Nationals Tap Harper, Then Fun Begins
After top three picks, all hell breaks loose as teams go for personal favorites
The 2010 draft started as expected, with Bryce Harper going first overall to the Nationals. The next two picks were also pretty well mapped out.
After that, it was every team for itself.
"Coming into the draft, we thought the talent was fairly flat after the
first few picks," Red Sox scouting director Amiel Sawdaye said. "We
thought there was a chance we could get some good players through the
sandwich rounds. We were more confident when some picks broke our way
when a few players we didn't have all that high went off in the middle
of the round and later in the first round."
The Red Sox had three picks on the first day of the draft, getting Ball State infielder Kolbrin Vitek and Middle Tennessee outfielder Bryce Brentz with their first two picks, and then grabbing Louisiana State righthander Anthony Ranaudo with their third pick, 39th overall.
Ranaudo came into the spring as one of the top prospects for this year's draft, but nagging injuries, up-and-down performance and a perceived high price tag drove him down draft boards. The Red Sox found themselves, like many other teams, going for personal preference, thanks to a lack of consensus on many players. They also got players in places they didn't expect.
The Nationals had only one pick on the first day and did exactly what people expected by taking Harper, who was the prohibitive favorite to go No. 1 overall from the time he went to junior college at Southern Nevada.
just trying to enjoy it with my family. It's what I've wanted since I
was 7 years old," Harper said in an interview with MLB Network shortly
after he was selected.
Nationals general manager Mike Rizzo
said the team decided by the beginning of May to take Harper at No. 1, after watching him one weekend at Southern Nevada. He talked over the decision with scouting director Kris Kline and assistant GM Roy Clark, and it was unanimous.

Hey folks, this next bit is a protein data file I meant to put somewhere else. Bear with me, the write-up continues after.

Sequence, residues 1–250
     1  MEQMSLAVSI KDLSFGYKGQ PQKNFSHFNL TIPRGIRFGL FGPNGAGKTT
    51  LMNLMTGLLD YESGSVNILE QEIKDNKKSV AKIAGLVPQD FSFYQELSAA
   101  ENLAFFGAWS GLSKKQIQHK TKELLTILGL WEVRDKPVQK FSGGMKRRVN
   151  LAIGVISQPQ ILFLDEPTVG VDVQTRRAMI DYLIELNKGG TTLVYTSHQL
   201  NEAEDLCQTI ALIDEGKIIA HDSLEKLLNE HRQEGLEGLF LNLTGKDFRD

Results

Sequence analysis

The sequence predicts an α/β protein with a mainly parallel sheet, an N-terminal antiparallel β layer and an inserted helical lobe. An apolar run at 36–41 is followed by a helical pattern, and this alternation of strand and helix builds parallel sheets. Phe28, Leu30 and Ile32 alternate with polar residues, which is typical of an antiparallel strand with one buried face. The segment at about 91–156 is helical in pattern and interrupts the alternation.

"On the plane home from Vegas, we kind of cemented that he was the guy we were going to take," Rizzo said.
The only surprise was that the Nationals immediately declared him an outfielder, not a catcher. Harper caught throughout his amateur career, and many regarded his ability to stay behind the plate as part of his value. Most scouts thought he would move to the outfield eventually, if only to expedite the progress of his bat, but Washington wasted no time making the declaration.
"We've made the early decision that we're going to take the rigors and
the pressure of learning the difficult position of catcher away from
him, and (we will) really let him concentrate on the offensive part of
the game and let his athleticism take over as an outfielder," Rizzo
said. "He's got above-average speed and a plus-plus throwing arm. We
just think it will accelerate his development in the minor leagues and
also extend his career as a major leaguer."
Go With Your Gut
The next two picks also went as expected, with Texas high school righthander Jameson Taillon going to the Pirates at No. 2 and Miami high school shortstop Manny Machado to the Orioles at No. 3. After that, surprising picks abounded.
The Angels had five picks in the first and supplemental first rounds and bucked consensus with a few of them. First, they drafted Georgia prep Kaleb Cowart 18th overall as a third baseman. Cowart is a powerful switch-hitter with a strong arm. But that arm also showed up on the mound, where he sat 91-93 mph with a hard slider and a split-finger fastball, and the consensus was that he was a better prospect as a pitcher.